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Reform in policing is being blocked by members of the Freemasons, and their influence in the service is thwarting the progress of women and people from black and minority ethnic communities, the leader of rank-and-file officers has said.
Steve White, who steps down on Monday after three years as chair of the Police Federation, told the Guardian he was concerned about the continued influence of Freemasons.
White took charge with the government threatening to take over the federation if it did not reform after a string of scandals and controversies.
Critics of the Freemasons say the organisation is secretive and serves the interests of its members over the interests of the public. The Masons deny this saying they uphold values in keeping with public service and high morals.”
White told the Guardian: “What people do in their private lives is a matter for them. When it becomes an issue is when it affects their work. There have been occasions when colleagues of mine have suspected that Freemasons have been an obstacle to reform.
“We need to make sure that people are making decisions for the right reasons and there is a need for future continuing cultural reform in the Fed, which should be reflective of the makeup of policing.”
One previous Metropolitan police commissioner, the late Sir Kenneth Newman, opposed the presence of Masons in the police.
White would not name names, but did not deny that some key figures in local Police Federation branches were Masons.
White said: “It’s about trust and confidence. There are people who feel that being a Freemason and a police officer is not necessarily a good idea. I find it odd that there are pockets of the organisation where a significant number of representatives are Freemasons.”
The Masons deny any clash or reason police officers should not be members of their organisation.
Mike Baker, spokesman for the United Grand Lodge, said: “Why would there be a clash? It’s the same as saying there would be a clash between anyone in a membership organisation and in a public service.
“We are parallel organisations, we fit into these organisations and have high moral principles and values.”
Baker said Freemasonry was open to all, the only requirement being “faith in a supreme being”. He said there were a number of police officers who were Masons and police lodges, such as the Manor of St James, set up for Scotland Yard officers, and Sine Favore, set up in 2010 by Police Federation members. One of those was the Met officer John Tully, who went on to be chair of the federation and, after retirement from policing, is an administrator at the United Grand Lodge of England.
Masons in the police have been accused of covering up for fellow members and favouring them for promotion over more talented, non-Mason officers.
White said: “Some female representatives were concerned about Freemason influence in the Fed. The culture is something that can either discourage or encourage people from the ethnic minorities or women from being part of an organisation.”
The federation has passed new rules on how it runs itself, aimed at ending the fact that its key senior officials are all white, and predominantly male.
White said he hoped the new rules would lead to an end to old white men dominating the federation: “The new regulations will mean Freemasons leading to an old boys’ network will be much less likely in the future.”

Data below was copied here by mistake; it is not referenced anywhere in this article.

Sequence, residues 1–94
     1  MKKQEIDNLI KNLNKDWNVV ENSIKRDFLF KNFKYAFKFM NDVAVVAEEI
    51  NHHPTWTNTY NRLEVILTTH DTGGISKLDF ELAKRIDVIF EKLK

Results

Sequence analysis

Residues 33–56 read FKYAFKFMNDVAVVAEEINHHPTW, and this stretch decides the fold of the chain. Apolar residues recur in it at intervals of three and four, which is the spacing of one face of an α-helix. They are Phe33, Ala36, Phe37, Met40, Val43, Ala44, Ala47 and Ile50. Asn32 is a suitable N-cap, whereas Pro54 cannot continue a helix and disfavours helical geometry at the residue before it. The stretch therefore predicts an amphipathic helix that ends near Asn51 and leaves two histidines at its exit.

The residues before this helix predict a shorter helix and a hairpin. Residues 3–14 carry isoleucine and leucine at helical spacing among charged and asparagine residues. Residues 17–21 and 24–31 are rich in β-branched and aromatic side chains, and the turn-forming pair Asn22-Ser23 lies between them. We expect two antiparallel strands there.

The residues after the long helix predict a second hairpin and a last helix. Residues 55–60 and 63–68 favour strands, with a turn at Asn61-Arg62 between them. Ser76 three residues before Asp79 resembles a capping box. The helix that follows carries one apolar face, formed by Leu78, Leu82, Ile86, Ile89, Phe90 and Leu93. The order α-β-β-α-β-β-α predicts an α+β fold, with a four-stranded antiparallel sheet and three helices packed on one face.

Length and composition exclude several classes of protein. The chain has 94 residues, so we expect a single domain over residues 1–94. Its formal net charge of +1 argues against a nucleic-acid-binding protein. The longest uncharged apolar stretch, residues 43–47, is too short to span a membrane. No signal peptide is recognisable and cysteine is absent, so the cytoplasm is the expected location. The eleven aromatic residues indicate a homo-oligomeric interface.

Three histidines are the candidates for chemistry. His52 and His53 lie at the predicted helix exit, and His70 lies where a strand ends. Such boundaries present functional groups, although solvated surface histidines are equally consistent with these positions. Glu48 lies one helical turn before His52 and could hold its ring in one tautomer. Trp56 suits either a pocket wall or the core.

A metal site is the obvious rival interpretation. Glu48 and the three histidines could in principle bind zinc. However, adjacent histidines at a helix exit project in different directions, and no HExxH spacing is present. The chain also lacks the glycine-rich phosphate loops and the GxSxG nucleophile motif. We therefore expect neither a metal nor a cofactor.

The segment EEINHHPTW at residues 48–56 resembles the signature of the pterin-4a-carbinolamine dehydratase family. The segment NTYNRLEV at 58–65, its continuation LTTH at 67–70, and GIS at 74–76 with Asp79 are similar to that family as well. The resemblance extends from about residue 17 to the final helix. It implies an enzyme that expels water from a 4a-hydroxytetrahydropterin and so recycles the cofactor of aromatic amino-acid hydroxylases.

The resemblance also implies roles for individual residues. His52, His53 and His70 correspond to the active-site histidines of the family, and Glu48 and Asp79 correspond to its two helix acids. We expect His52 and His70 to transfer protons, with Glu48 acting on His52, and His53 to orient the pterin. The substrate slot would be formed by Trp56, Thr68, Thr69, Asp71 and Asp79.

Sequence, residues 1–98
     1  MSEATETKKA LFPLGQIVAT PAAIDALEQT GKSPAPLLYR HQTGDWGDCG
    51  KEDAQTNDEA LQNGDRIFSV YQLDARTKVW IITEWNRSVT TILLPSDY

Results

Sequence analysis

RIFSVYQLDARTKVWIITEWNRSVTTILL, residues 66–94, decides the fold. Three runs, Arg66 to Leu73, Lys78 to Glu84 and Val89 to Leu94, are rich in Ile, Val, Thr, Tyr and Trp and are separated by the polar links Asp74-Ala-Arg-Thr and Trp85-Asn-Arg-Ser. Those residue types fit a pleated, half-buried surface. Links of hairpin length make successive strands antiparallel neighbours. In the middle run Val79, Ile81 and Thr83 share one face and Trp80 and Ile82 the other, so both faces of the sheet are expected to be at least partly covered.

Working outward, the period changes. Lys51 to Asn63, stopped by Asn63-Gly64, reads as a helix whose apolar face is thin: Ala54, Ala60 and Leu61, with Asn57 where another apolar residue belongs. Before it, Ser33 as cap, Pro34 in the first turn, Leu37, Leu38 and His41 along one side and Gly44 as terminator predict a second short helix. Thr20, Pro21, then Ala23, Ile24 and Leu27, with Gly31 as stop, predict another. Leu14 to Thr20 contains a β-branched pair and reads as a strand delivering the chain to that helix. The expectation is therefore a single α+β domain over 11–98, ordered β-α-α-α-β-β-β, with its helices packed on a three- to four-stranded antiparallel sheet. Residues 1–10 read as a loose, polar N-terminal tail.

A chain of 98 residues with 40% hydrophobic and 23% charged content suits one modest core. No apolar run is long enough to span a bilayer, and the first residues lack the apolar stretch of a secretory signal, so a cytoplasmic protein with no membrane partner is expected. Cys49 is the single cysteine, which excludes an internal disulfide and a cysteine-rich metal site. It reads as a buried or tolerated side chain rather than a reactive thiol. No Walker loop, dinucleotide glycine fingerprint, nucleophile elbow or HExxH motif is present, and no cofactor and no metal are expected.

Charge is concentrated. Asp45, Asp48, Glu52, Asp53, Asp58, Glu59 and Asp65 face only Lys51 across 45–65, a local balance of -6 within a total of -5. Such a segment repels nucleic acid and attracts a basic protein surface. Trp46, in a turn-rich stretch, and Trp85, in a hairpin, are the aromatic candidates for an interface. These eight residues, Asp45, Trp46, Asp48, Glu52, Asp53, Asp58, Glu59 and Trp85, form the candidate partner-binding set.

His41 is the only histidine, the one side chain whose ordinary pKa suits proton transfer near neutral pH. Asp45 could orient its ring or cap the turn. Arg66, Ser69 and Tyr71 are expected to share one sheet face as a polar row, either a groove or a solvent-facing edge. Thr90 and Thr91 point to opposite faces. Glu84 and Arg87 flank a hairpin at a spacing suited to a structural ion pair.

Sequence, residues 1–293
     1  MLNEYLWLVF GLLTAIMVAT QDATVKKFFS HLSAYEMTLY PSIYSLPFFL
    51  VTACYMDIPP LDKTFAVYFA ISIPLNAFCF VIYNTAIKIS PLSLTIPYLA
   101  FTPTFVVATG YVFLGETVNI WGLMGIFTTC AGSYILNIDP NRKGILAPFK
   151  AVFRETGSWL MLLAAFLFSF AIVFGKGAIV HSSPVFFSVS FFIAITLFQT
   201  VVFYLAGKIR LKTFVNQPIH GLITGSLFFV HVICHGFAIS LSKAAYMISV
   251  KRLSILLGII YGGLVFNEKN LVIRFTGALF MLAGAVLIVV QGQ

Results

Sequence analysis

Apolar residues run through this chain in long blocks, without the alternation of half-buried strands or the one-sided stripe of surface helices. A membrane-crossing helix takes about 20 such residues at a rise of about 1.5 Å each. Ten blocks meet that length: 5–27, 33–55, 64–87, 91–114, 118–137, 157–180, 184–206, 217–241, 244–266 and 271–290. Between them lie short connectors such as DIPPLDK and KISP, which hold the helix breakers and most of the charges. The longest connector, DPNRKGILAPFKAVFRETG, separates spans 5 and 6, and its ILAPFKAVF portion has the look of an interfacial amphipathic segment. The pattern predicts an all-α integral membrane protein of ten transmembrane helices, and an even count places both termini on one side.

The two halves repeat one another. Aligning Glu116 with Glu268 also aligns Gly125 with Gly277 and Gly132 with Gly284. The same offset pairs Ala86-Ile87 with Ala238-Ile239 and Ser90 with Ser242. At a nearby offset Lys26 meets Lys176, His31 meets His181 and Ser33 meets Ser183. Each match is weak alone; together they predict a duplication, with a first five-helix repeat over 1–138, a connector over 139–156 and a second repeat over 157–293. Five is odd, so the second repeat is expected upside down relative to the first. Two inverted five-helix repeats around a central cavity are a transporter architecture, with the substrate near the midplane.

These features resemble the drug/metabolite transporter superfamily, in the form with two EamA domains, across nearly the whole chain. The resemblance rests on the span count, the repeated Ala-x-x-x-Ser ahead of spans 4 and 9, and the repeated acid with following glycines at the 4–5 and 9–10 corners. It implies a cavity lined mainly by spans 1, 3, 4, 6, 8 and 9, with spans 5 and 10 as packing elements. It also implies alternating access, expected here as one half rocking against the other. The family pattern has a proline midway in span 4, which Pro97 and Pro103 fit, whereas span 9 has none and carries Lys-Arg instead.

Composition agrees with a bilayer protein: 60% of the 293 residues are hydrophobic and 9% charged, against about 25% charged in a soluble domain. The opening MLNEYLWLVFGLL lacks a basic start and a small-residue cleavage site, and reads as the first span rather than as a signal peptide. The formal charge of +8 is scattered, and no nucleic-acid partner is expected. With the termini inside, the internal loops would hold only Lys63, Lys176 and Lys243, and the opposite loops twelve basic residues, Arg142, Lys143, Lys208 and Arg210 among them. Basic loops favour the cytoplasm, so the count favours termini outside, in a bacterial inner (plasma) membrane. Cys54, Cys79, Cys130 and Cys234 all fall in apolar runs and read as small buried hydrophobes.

White came to be chair of the Police Federation after Theresa May went to its 2014 conference and ripped into it. The federation had to decide whether it would adopt a package of 36 reforms, with May, who was then home secretary, threatening that if it failed to do so, it would be taken over by the government and forced to. The Metropolitan police federation was the only local body in the organisation, which represents rank-and-file officers, not to back a package of reforms.
In 2014 federation members felt the body that represented them was failing them and was distant.
White said the organisation had been turned around during his time in office: “We have gone from being almost irrelevant to being the trusted voice of the frontline and the service. I think we had an organisation that shouted and bawled about everything, which became irrelevant to members and risked being wound up.”
White beat the Met officer Will Riches to the chairmanship via a coin toss, after the two candidates won the same number of votes. White, who had served as a firearms officer in Avon and Somerset, came into office promising to end a culture of drinking by federation officials using members’ money.
White said more reform of policing was needed: “There should be future radical reform of the police. The 43 forces need to operate more as a single entity. We have to break down the political barriers caused by PCCs [police and crime commissioners].”
White has written a paper advocating a national body to drive through reforms and impose them on forces if necessary: “We need a new governance board at a national level to drive reforms to policing and make sure it happens.”
The National Police Chiefs’ Council’s lead for ethics and integrity, the chief constable Martin Jelley, said: “While we recognise that there has been concern in the past around serving officers also being Freemasons, it is clear that concern over real or perceived threat to impartiality of this has decreased. Regular external scrutiny of the police service by Her Majesty’s Inspectorate of Constabulary and Fire & Rescue Services has not raised this as an issue of concern.
“Strict guidelines require officers to declare anything which might be deemed a conflict of interest in their force’s register of interests. If convincing evidence ever came to light which clearly showed that Freemasonry was adversely affecting the integrity of the police service then we would take appropriate action.”
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